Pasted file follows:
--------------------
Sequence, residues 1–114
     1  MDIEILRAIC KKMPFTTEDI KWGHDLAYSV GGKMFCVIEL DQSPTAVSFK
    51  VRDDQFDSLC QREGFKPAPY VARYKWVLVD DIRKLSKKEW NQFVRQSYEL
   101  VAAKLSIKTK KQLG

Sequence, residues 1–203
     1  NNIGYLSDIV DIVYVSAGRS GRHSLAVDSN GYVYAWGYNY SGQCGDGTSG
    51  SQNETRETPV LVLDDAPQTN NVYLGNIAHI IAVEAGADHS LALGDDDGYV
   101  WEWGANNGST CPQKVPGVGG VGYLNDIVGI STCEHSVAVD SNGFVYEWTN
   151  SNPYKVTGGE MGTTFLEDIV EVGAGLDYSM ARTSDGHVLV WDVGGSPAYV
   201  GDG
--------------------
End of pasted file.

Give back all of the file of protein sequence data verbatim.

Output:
Sequence, residues 1–114
     1  MDIEILRAIC KKMPFTTEDI KWGHDLAYSV GGKMFCVIEL DQSPTAVSFK
    51  VRDDQFDSLC QREGFKPAPY VARYKWVLVD DIRKLSKKEW NQFVRQSYEL
   101  VAAKLSIKTK KQLG

Sequence, residues 1–203
     1  NNIGYLSDIV DIVYVSAGRS GRHSLAVDSN GYVYAWGYNY SGQCGDGTSG
    51  SQNETRETPV LVLDDAPQTN NVYLGNIAHI IAVEAGADHS LALGDDDGYV
   101  WEWGANNGST CPQKVPGVGG VGYLNDIVGI STCEHSVAVD SNGFVYEWTN
   151  SNPYKVTGGE MGTTFLEDIV EVGAGLDYSM ARTSDGHVLV WDVGGSPAYV
   201  GDG